Monday, March 21, 2011

Monday Marriage Matters: Adventure

My friends, Mike and Stacy, are going on a cross country bike trip this summer to raise money for an organization that helps teachers.  I'm really excited for them, and I'm also really jealous.  I've now been yenning (is that a word? it's the active tense of "have a yen for") for an adventure myself, or more specifically, ourselves.  Getting married is an adventure.  Life after getting married has been really quiet.  Sometimes, it's a little boring.
Marriage is like flower pictures.  Safe and (sometimes) easy and really nice. Mark took this. I was impressed.  

I will speak to this: the biggest advantage of a late-fall wedding is that life quiets down afterwards. Halloween,  Thanksgiving, Christmas weekends were a little busy, but mostly, things were quiet.  We are quiet.  Our weekends are spent doing yoga, chores, hockey, rock climbing, chores, and errands.  If we're together, we're watching TV (we watched all of BSG and just started netflixing the Wire), or cleaning, or fighting about cleaning.  We see friends and family, but there is a distinct lack of a goal or a deadline, which we've always had in some way or another.  Oh, and I don't have homework anymore.  That totally rocks.

I now understand why so many people get married and then get a dog.  It's like, "the wedding is done.  We have TIME!!!"  We have a no-pets apartment, and dogs are expensive (I did almost steal a beagle that I saw wandering the street yesterday with his leash dragging behind him, but his owner was just a few steps away).
This little guy was in his backyard, but was really excited to see me.  

I also understand why people get married and buy a house.  We're not buying a house for awhile (read next week's Marriage Matters for more!), so we need something else.  We can't run together, so we're not going to be training for a marathon together.  We both like having our own separate things that we do, since we value having space, so we're not really looking to crowd each other's separate activities.  We can't take time off work to do a cross-country bike ride, I hate backpacking, and most of the other stuff that we could get into together is expensive.  (See the part where I finally started working again after five months of unemployment.)

Now that spring is here, we've planned a camping trip and signed up for Warrior Dash.  My hope is that since it is more like the scavenger hunt we did last year than a race, we'll be able to stay together.  We've also booked tickets to England for the summer and are planning a possible cycle or hiking trip while we are there. The big dry-erase map is up on the wall and we keep circling places we might like to go.  It gives the whole thing a feeling of Adventure.  But for now, it's a matter of trying to put everyday adventure back into our lives to keep things from feeling slow.  We need to actively make weekend plans without making so many plans that we feel overwhelmed.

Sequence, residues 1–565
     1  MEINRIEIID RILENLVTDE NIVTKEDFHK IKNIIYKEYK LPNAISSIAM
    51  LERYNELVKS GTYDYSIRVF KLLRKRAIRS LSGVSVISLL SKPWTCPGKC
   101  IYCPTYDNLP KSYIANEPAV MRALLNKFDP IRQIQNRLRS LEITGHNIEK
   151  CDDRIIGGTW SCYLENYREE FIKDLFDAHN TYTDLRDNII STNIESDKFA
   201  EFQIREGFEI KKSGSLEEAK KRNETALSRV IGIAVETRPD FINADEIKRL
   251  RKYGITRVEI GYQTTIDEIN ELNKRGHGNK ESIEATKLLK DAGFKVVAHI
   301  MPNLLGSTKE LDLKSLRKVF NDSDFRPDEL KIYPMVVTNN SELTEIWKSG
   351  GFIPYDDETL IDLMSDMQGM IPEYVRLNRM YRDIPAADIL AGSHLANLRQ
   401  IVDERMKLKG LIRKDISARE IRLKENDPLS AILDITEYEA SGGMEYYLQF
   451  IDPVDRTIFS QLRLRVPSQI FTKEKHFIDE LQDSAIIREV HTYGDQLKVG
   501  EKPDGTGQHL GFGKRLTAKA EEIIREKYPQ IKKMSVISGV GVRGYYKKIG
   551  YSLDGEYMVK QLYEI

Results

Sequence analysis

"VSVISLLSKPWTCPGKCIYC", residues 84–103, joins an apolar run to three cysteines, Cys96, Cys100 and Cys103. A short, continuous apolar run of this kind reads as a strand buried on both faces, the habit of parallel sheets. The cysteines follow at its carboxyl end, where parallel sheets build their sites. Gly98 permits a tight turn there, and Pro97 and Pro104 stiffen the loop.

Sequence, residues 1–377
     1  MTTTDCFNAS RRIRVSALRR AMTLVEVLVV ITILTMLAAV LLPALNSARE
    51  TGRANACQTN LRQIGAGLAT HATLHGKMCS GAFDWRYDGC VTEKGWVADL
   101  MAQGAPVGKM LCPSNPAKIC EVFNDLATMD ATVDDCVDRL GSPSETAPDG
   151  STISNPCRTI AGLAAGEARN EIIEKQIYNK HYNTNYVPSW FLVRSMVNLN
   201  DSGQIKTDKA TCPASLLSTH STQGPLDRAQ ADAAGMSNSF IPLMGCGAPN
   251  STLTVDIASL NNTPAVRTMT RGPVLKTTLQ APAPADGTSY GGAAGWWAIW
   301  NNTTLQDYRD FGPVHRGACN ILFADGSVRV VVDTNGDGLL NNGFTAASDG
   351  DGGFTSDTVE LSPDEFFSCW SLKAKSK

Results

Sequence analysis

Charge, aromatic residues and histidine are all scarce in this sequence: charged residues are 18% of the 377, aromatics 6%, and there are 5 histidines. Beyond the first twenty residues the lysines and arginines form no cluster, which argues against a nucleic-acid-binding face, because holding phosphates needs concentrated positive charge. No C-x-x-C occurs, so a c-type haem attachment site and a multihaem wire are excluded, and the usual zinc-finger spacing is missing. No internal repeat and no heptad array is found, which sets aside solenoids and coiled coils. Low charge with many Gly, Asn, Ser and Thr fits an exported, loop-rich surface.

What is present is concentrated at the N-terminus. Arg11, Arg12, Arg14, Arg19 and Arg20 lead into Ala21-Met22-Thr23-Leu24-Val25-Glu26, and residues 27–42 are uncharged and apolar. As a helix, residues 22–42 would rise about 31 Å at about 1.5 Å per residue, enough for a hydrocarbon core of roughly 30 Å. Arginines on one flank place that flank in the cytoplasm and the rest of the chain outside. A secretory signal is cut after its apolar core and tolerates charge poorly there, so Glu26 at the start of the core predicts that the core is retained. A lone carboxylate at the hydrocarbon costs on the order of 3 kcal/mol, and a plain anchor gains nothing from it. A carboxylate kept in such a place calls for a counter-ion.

Over the weekend, I think we accomplished this pretty well.  On Saturday, we rode our bikes up the Jones Falls Trail to Hampden, which was only a 8ish mile trek, but it was still something new and different.  On Sunday, since we had nothing else to do, we went for a mile-and-a-half walk while I took pictures for a photography project I've been working on.  It's springtime and it no longer makes me cranky to be outside, so hopefully we can embrace the change of the seasons to put a little adventure back in our lives.

The view from the Hill where we got engaged.  

Does anyone have any suggestions for adventures to work towards?  Anyone else experience the same sense of ennui?  What is your next big adventure?

2 comments:

  1. I am right with you on the whole life as an adventure mantra. And I can see how marriage post wedding might seem totally open and ready to fill with new projects. When you've been working on one thing together for so long, it might seem like you need new things to replace that time. Or another big thing to work towards. Very interesting.

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  2. Hmm, I think your observation is more of a personal experience. After my wedding life just got busier and way more complicated. We got married in the fall and the holidays were what made it so hectic and the the following year started to get even busier. Once we were married it seemed like all of our everyday problems got more complicated because we had to make joint decisions instead of decisions based on ourselves.

    That's not to say your observation is wrong, I just had a totally opposite experience.

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